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Chef Teaches Students to Make Solar-Powered Meals

By Emily Frost | May 8, 2015 5:55pm | Updated on May 11, 2015 8:43am
 A solar cooker is made up of a series of panels that direct light towards a bowl or pot and use the sun's heat to cook food. 
Solar Cookers Teach Kids About Sun Power
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UPPER WEST SIDE — Who needs a microwave?

A city chef is challenging the idea that New Yorkers don't have the space to employ solar power by using the sun's rays to quickly whip up meals for local kids.

Anyone planning a day in Central Park, a trip to the beach or with a rooftop or outdoor space can use a solar cooker — which involves a set of mirrored panels that direct the sun's heat onto a ceramic dish — to make snacks or full meals, said chef Cynthia Tomasini. 

On Thursday, Tomasini used that technique to teach students at P.S. 87 about the eco-friendly method, using a solar cooker to whip up a bunch of kale nachos. 

Her work at the elementary school comes through the nonprofit Wellness in Schools (WITS), which is focused on improving healthy eating and increasing student movement and exercise. 

Tomasini, 43, who is also a personal chef for local families, spends about a third of her time going to elementary schools in Manhattan as a WITS liaison.

With weather cooperating this month, the heat generated by the cooker when the sun is strongest — between about 10 a.m. and 3 p.m. — can melt cheese and soften kale in roughly 10 minutes, Tomasini said. 

By mid-recess at P.S. 87, the nachos were going fast.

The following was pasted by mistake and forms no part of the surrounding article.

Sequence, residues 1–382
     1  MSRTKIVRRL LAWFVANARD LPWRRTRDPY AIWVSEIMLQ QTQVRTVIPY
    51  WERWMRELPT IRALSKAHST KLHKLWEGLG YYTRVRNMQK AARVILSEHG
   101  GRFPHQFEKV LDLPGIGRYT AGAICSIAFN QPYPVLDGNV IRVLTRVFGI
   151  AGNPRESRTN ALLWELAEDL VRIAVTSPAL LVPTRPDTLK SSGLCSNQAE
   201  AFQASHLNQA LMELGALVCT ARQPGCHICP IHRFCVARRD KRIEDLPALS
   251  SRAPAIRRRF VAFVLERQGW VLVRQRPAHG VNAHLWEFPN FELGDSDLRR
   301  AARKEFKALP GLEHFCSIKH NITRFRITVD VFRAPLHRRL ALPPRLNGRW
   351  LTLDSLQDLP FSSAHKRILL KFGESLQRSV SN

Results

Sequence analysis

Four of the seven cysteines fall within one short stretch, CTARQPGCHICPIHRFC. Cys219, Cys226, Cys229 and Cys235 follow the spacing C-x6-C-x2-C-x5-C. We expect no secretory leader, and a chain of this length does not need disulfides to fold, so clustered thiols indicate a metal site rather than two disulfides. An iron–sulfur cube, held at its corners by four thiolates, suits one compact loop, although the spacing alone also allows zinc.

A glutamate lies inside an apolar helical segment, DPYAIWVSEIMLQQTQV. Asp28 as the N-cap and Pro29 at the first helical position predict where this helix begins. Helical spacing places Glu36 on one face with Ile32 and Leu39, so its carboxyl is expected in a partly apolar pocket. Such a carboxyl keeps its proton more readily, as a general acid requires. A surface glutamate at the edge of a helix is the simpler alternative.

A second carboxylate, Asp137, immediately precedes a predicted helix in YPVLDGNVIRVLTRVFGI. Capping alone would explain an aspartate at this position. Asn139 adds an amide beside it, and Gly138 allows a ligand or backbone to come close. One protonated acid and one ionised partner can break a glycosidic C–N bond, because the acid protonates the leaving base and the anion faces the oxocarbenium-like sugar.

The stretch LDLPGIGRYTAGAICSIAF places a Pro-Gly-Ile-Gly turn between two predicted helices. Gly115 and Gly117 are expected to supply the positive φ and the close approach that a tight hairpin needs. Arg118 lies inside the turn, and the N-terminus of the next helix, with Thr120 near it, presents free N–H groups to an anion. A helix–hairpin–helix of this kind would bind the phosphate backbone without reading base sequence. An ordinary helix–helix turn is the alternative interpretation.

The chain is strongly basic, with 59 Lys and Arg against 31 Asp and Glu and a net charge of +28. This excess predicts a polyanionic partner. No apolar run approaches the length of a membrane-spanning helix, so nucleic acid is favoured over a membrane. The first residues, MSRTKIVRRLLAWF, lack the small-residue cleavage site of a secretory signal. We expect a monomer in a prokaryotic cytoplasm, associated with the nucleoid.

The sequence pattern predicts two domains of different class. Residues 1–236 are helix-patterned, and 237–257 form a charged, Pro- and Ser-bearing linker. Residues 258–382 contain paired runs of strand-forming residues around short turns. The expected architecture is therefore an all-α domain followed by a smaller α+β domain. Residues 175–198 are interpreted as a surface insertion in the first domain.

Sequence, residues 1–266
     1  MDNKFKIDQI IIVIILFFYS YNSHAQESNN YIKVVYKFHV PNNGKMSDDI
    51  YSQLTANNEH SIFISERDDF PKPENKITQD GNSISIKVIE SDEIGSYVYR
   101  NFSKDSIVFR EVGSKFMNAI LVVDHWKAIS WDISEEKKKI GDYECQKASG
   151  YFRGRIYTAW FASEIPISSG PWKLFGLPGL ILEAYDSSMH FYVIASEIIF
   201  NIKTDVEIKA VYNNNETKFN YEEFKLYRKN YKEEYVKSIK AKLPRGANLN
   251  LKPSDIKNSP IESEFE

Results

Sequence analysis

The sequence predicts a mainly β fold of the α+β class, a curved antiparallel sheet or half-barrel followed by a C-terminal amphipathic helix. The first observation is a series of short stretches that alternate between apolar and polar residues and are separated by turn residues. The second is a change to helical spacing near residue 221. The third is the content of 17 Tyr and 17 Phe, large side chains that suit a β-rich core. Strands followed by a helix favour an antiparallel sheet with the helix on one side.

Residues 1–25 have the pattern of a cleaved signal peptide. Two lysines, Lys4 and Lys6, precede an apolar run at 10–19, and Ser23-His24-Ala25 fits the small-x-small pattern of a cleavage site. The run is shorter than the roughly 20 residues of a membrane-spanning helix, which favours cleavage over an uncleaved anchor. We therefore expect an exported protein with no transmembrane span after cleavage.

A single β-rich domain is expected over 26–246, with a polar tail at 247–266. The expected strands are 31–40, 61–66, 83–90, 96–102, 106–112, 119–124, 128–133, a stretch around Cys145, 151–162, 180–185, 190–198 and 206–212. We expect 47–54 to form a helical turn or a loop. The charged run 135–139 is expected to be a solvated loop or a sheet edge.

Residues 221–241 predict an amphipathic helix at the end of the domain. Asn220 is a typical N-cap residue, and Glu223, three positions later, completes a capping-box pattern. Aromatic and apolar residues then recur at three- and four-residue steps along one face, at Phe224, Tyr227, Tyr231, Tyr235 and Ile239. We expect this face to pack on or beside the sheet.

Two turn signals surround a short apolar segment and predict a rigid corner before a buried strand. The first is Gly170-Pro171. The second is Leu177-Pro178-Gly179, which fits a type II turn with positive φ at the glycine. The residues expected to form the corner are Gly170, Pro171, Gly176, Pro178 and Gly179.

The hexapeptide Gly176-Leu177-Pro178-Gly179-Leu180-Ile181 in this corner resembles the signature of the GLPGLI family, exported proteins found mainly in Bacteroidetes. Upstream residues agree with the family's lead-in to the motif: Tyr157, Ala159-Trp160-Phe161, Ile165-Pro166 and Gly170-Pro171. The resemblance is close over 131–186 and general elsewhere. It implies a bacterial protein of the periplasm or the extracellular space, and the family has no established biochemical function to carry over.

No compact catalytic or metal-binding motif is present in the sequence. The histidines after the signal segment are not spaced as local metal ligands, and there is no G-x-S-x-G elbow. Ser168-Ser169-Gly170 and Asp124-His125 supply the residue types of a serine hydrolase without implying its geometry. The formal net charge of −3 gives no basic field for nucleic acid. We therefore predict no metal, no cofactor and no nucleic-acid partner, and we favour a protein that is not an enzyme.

The students were fascinated by the solar cooker, which has flat panels that fold up easily. They can cost anywhere from $39 to $399 depending on size and quality. 

"It's such a cool-looking thing," said parent Theresa Snider.

Seeing a tangible example of what solar power can do and getting to watch the heating process helps kids develop a deeper understanding of renewable energy, she added.

Tomasini also saw an opportunity in her cooking to include a lesson about alternative energy.

"I want them to connect with the outdoors and the environment," she said. 

In addition to continuing her solar cooking projects at P.S. 87, which could involve apple sauce in the fall, Tomasini has also brought her cooker to P.S. 11 in Chelsea, another school featuring WITS programming.

Students at P.S. 11 are helping raise chickens at the school, giving them the chance to make solar-cooked scrambled eggs straight from their own hens, she said. 

The lessons are part of a WITS program called "Cafe Days," in which chefs like Tomasini visit schools and lead a variety of interactive lessons. 

In the past, she has partnered with chef Bill Telepan to do pickled vegetable tasting, greenmarket tours and chili tastings, said WITS development coordinator Reana Kovalcik. 

"Chef Cynthia's Cafe Day project really highlights for the kids how food and sustainability are connected," Kovalcik added.

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